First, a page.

The last provocation was the Ambassador’s claim that certain Shia Popular Mobilization Units (PMUs) were plotting to assassinate him, a charge that was emphatically denied by the Iraqi Ministry of Foreign Affairs, which issued a press release emphasizing “that what has been spread across media outlets of a plot to assassinate the Saudi Ambassador in Baghdad is baseless and …that all diplomatic missions to Iraq are being adequately protected by security forces, which have ensured, via Baghdad Operations Command, the safety of all those missions. However, none of them, including the Saudi embassy, have informed the ministry of any potential security threat targeting them.” Other than a comment after the fact by one PMU spokesperson, no credible evidence has been presented to substantiate the ambassador’s claims.
These assassination claims by Ambassador al-Sabhan came right after he lashed out against current Iraqi Vice President, and former Prime Minister, Nuri al-Maliki in response to the latter’s statements about Saudi support of terrorism in Iraq. On 14 August 2016, without naming al-Maliki, Ambassador al-Sabhan said the following about him: “What can be expected from someone who fought against Iraq, stood on the side of Iran, and during his term of office Iraq lost 70% of its land to his ISIS allies?”
The Iraqi Ministry of Foreign Affairs, despite Minister Ibrahim al-Jafari’s great interest in strong relations with Saudi, could not ignore the popular demand for a decisive action against such deviation from diplomatic norms. Ambassador al-Sabhan was summoned by the Iraqi Ministry of Foreign Affairs, more than once, to be made aware of Iraqi Government’s disapproval of his conduct, but he continued more aggressively in the same direction. Finally, on 29 August 2016, Iraq formally asked Saudi Arabia to replace Ambassador al-Sabhan, considering his presence “an obstacle to the development of relations between Iraq and Saudi Arabia.” In his first response to this last Iraqi decision, Ambassador al-Sabhan continued to attribute all Iraqi government’s actions as a result of assertive Iranian pressures.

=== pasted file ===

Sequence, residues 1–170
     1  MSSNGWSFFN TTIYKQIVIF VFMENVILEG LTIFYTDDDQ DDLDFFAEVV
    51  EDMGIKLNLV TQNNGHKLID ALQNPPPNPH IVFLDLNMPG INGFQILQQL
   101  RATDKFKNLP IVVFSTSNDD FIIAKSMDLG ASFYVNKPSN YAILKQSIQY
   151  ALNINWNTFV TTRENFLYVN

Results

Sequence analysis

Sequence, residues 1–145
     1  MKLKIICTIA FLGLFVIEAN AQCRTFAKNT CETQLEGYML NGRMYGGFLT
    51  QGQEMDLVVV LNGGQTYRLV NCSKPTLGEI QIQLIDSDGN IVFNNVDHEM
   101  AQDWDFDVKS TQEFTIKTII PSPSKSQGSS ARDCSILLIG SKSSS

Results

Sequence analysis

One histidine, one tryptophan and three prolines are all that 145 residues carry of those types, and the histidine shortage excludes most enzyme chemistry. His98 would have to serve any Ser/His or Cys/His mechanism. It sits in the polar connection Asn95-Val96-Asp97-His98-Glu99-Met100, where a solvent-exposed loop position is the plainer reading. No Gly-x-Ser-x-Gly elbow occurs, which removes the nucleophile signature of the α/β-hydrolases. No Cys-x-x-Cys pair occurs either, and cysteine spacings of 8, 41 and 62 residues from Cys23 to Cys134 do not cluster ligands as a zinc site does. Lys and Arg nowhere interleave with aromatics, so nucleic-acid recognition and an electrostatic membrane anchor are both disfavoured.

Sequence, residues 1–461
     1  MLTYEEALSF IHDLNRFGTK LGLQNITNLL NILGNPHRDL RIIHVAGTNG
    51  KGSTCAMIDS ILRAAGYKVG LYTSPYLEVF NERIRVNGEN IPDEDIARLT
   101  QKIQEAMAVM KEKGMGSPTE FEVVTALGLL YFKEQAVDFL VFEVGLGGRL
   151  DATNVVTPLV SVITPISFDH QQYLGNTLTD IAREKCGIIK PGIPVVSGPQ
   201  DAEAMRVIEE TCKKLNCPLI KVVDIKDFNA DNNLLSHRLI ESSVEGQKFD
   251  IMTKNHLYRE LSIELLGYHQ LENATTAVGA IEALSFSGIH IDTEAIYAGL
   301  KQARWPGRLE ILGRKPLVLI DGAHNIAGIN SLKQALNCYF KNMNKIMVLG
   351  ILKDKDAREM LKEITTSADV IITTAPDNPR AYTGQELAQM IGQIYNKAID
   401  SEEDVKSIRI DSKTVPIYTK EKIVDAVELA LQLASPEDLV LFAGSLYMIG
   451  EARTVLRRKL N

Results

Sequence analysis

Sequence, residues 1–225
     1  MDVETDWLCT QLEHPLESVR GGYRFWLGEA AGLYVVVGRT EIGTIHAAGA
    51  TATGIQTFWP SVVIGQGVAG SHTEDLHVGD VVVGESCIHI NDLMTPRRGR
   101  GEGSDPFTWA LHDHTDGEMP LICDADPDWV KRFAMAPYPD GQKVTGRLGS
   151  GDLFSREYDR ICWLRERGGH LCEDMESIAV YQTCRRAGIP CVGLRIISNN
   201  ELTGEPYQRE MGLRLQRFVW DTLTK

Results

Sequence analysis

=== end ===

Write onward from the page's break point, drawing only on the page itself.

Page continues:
The final outcome of this latest impasse will depend on whether it was caused by the indiscretions of a novice Saudi ambassador or the strategic direction of Saudi Arabia’s foreign policy in Iraq. If the latter assumption is true, the replacement of Ambassador al-Sabhan is not going to resolve the Iraq’s grievances about aggressive Saudi meddling in its internal affairs. The replacement, in this case, will likely be another military or intelligence personality rather that a professional diplomat capable of handling the delicate relations between the two countries. Part of this problem must be blamed on the Iraqi leadership, particularly the Ministry of Foreign Affairs. Iraqi leaders were so desperate to secure the opening a Saudi Embassy in Baghdad that they did not address the qualifications of the diplomat who was going to lead it, nor did they reject the weak credentials of Ambassador al-Sabhan when his appointment caused controversy from the moment his appointment was announced. Now it will be very hard for Iraq to object if the Saudis don’t act in good faith and appoint an ambassador like Mr. al-Sabhan. The Saudis might also find the Iraqi request as an opportune moment to reduce their representation in Iraq, if not closing the Embassy. After all, their diplomatic presence in Iraq did not originate in a Saudi desire to acknowledge Iraq’s government, but mostly a result of relentless U.S. pressure and Iraqi lobbying.
(*) Abbas Kadhim is a senior fellow at the Foreign Policy Institute, SAIS, Johns Hopkins University. He can be followed on Twitter @DrAbbasKadhim
Source: The Huffington Post, 1 September, 2016